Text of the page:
Wednesday, February 24, 2010

A Call to Repeal the 1945 McCarron Ferguson Act

If the Congress with the encouragement by the 42nd POTUS (WJC) were able to repeal the 1932 Glass-Steagall Act with an assist going to Phil (Americans are whiners) Gramm which allowed commercial lenders to underwrite and trade financial instruments like mortgaged-backed securities, collateralized debt obligations and structured investment vehicles, why is it so difficult for the US Government to repeal the anti-trust exemptions for health insurance companies?

Why shouldn't insurance companies be forced to compete for our business? Considering that individual states are in collusion with the bank and insurance industry and never seem to hold back insurers from raising rates, its time to roll back and repeal the 1945 McCarron-Ferguson Act that exempted insurance companies from antitrust scrutiny and provided states the authority to regulate them but not regulating their rates.

Look at whom is calling the kettle black? The same elected officials that discuss creating a consumer-driven healthcare industry whereas the average person will have choice. We should have the choice to identify the best medical care based on outcomes for the cheapest price, yet, when it comes to the insurance industry our highly esteemed elected officials pander to the smell of insurance lobbyist dollars.

It's time that people start pressuring their local, state and federal legislators along with their state insurance commissioners to stop limiting the number of health insurance options for their constituents. It's us against them. Think of the absurdity that we spend our days arguing over free-markets, the legalities of what we can and cannot do in an industry that is manipulated and controlled by the powerful insurance lobbyists. Interestingly enough, the government places the onus on the providers for outcomes, yet, when the gatekeeper controls the opening and closing of the gate, the cards will always be stacked against those that provide healthcare.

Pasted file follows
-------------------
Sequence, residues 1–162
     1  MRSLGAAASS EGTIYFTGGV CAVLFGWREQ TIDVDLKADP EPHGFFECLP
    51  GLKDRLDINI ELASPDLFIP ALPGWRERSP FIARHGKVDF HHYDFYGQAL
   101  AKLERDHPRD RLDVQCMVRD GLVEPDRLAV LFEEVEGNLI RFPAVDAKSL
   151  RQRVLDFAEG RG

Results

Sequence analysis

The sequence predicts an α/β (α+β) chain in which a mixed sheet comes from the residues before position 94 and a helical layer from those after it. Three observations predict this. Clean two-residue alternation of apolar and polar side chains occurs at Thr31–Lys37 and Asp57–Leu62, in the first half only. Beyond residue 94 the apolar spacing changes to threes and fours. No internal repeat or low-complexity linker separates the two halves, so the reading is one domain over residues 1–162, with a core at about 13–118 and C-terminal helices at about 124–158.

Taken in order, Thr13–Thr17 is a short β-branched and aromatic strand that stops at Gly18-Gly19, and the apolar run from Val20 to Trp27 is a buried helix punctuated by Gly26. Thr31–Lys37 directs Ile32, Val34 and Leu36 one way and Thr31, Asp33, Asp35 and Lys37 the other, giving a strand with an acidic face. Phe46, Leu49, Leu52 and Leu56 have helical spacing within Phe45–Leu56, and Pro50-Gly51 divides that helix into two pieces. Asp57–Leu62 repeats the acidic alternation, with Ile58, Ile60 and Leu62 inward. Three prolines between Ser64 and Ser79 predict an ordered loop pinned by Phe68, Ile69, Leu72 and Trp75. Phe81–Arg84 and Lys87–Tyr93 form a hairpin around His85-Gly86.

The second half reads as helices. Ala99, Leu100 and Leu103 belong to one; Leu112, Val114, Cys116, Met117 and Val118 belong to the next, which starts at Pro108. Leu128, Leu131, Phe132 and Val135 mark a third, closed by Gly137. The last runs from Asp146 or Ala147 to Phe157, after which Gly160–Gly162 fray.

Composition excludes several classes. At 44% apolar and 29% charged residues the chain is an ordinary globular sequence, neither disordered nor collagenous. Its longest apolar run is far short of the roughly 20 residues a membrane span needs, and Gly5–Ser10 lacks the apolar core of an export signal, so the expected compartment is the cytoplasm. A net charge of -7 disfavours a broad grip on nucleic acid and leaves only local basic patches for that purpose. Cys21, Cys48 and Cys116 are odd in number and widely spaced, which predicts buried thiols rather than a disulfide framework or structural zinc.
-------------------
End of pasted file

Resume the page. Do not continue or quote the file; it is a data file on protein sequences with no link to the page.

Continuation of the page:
Stay tuned, because tomorrow will a defining moment for both parties. If both parties cannot come to some resolve and play together in the sandbox defined as the US government, it may be time for us to identify people that will work in the best interest of the common man. TSB wants to know what our readers think?

Hi, Ho, Hi, Ho it's off to work I go! Have a great day!


  1. I can't tell if this post is tongue-in-cheek considering the example you used (Glass Steagall) allowed certain banks to overexpose themselves to such securities and was a contributing factor to the demise of a few.

    However, I agree with this idea and its frustrating how little this is discussed. Tort reform? Interstate insurance options? Are we still arguing over the kafka death committees?

  2. No tongue-in-cheek when it comes to repealing MF Act (the acronym is an underlying meaning) if docs and people want change, the anti-trust laws pertaining to them and the insurance industry must be challenged and changed